```
Z0 = 87 / sqrt(εr + 1.41) * ln(5.98 * h / (0.8 * w + t))
```

Where:

– Z0 is the characteristic impedance in ohms (Ω)

– εr is the dielectric constant of the PCB material

– h is the height of the trace above the reference plane in mils (thousandths of an inch)

– w is the width of the trace in mils

– t is the thickness of the trace in mils

### Stripline Impedance Formula

A stripline is a trace embedded within the PCB, with reference planes above and below it. The characteristic impedance of a stripline trace can be calculated using the following formula:

```
Z0 = 60 / sqrt(εr) * ln(4 * h / (0.67 * (0.8 * w + t)))
```

Where the variables have the same meaning as in the microstrip formula.

### Differential Pair Impedance Formula

Differential signaling uses two traces to carry a signal, with the voltage difference between the traces representing the actual signal. The characteristic impedance of a differential pair can be calculated using the following formula:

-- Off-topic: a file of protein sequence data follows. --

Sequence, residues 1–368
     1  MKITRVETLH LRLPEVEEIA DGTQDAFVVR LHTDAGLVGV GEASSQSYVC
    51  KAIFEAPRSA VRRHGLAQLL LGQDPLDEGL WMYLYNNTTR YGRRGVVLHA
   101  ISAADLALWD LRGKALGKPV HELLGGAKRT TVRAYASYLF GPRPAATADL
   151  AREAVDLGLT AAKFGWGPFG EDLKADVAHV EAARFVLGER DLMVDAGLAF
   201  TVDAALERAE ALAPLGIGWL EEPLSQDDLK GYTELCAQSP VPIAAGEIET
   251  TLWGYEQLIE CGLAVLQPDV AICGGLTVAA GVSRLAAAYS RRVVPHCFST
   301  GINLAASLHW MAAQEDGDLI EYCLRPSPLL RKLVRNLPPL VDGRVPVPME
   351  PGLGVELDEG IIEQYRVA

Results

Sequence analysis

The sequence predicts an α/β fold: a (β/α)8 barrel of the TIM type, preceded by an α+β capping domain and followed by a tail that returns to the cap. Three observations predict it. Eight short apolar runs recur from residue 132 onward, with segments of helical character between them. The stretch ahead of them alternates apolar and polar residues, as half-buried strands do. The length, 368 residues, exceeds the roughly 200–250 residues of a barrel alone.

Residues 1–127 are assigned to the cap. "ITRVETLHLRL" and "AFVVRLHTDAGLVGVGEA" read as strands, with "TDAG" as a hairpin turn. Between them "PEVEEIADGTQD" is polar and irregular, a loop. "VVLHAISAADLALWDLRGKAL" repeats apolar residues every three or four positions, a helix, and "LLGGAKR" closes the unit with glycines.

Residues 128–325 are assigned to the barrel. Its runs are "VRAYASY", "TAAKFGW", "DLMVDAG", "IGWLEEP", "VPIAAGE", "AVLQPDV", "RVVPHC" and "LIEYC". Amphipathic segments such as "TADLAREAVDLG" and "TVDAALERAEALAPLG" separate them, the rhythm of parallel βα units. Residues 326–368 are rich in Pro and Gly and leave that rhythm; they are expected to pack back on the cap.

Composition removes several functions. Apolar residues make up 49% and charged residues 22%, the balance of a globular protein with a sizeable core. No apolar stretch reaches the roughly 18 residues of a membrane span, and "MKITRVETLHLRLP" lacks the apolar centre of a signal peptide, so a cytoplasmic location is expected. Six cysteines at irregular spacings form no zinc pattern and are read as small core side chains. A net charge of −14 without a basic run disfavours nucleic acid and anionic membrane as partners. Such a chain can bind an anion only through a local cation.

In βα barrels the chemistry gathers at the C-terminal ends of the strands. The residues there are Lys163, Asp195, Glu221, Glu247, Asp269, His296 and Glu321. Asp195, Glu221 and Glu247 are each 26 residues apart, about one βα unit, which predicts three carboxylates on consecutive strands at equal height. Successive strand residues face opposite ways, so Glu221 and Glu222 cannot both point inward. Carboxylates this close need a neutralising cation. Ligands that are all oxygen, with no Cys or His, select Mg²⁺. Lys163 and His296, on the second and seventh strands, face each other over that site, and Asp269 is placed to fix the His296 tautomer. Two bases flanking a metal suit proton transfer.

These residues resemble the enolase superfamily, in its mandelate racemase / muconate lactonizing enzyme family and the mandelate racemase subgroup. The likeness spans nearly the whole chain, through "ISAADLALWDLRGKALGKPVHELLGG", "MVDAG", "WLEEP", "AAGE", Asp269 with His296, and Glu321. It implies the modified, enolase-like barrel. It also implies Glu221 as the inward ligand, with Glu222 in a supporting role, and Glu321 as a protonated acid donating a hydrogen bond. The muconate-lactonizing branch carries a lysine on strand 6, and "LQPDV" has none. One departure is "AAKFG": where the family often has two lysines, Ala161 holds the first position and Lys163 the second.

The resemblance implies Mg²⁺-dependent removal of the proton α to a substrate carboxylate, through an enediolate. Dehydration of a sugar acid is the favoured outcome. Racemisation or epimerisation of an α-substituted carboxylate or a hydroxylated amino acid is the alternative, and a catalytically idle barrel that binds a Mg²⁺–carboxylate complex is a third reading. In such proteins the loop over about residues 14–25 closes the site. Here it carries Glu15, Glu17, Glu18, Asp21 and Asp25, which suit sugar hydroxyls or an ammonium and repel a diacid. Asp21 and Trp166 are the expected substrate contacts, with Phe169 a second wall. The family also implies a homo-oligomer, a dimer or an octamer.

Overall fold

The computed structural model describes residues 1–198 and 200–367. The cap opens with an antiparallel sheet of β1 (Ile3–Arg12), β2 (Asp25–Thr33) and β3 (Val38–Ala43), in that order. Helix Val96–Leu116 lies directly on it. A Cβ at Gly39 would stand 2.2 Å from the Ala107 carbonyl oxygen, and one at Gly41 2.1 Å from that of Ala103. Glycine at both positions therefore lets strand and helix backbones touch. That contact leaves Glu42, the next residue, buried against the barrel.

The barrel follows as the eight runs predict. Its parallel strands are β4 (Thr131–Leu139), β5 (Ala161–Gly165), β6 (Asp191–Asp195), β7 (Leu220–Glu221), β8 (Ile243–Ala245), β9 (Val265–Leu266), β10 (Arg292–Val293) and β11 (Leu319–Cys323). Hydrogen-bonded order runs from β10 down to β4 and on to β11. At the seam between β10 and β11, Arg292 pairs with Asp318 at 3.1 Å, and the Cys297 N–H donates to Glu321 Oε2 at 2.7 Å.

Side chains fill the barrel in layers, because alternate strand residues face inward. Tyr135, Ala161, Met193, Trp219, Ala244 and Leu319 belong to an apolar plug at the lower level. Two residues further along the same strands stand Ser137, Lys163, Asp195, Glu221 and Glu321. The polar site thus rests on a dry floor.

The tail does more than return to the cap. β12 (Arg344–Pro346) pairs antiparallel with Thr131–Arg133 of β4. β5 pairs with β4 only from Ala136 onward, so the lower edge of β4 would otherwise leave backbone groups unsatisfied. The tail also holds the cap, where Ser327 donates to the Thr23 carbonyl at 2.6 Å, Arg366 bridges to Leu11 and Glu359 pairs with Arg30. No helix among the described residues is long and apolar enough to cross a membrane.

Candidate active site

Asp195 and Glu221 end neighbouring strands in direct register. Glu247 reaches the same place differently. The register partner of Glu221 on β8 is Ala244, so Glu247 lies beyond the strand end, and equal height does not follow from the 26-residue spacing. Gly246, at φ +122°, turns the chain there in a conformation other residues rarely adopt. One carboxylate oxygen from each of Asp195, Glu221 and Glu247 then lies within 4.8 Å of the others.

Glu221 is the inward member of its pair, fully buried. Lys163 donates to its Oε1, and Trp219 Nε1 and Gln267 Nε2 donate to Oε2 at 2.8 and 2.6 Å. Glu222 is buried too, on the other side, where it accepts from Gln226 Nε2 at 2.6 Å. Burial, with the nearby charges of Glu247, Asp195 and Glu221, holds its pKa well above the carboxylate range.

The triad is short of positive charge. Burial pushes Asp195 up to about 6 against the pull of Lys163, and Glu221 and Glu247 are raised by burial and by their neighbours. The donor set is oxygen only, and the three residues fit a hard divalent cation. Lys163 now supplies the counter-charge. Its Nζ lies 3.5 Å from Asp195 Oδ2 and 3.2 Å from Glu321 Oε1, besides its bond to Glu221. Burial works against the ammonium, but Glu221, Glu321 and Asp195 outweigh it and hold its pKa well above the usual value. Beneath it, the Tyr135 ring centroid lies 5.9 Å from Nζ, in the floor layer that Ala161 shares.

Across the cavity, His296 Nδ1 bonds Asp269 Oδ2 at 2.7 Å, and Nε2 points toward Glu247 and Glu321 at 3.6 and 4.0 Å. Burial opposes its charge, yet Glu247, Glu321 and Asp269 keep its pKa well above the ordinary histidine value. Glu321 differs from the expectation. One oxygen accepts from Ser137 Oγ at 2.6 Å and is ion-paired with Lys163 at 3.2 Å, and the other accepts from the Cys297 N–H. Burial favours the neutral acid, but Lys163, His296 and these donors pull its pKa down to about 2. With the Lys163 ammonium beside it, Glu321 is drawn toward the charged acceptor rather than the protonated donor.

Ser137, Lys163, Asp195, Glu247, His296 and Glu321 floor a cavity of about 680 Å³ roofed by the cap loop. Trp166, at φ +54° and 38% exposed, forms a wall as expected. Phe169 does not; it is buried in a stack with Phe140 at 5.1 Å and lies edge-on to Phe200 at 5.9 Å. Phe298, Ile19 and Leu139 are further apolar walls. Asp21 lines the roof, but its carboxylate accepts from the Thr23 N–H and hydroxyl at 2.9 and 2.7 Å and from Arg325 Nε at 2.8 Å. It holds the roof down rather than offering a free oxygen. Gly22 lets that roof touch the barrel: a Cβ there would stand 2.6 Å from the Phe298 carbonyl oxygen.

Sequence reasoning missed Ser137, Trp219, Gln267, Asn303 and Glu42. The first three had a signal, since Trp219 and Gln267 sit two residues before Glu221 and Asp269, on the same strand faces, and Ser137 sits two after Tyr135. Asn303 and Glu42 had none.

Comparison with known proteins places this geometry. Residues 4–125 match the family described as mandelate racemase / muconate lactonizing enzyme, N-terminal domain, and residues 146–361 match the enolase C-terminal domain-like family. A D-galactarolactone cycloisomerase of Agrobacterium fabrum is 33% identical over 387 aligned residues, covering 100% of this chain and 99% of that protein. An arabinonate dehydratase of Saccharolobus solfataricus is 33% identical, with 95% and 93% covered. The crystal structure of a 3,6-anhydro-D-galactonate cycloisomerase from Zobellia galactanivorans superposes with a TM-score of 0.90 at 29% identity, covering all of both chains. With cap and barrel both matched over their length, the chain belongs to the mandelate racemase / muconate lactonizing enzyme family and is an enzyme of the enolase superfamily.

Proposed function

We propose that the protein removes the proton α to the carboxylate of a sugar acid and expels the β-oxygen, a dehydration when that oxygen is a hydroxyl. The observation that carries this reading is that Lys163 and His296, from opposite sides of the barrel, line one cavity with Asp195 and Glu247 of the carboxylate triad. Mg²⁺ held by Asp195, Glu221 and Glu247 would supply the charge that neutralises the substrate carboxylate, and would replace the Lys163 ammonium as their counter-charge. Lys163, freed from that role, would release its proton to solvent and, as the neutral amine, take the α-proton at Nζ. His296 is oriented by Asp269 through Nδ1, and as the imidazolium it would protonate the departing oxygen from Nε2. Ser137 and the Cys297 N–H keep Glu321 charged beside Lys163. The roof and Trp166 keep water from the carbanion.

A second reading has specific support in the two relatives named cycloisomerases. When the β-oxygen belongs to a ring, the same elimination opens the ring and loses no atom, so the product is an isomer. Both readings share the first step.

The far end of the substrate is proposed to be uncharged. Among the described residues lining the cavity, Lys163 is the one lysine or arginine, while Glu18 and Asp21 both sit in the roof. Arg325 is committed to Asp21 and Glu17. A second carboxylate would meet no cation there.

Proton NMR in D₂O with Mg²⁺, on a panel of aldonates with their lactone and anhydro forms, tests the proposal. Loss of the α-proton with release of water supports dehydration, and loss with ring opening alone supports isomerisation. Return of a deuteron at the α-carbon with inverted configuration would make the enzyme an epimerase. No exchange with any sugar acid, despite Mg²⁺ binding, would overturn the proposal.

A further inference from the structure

```
Zdiff = 2 * Z0 * (1 - 0.48 * exp(-0.96 * s / h))
```

Where:

– Zdiff is the differential impedance in ohms (Ω)

– Z0 is the characteristic impedance of a single trace (calculated using the microstrip or stripline formula)

– s is the edge-to-edge spacing between the traces in mils

– h is the height of the traces above the reference plane in mils

## PCB Impedance Control Design Guidelines

To ensure proper impedance control in PCB design, follow these guidelines:

- Choose an appropriate dielectric material based on the required impedance and frequency range.
- Use a PCB stackup that provides consistent dielectric thickness and symmetry.
- Determine the target impedance for each signal type (e.g., 50Ω for USB, 100Ω for Ethernet).
- Use an impedance calculator or the formulas provided to determine the trace width and spacing required to achieve the target impedance.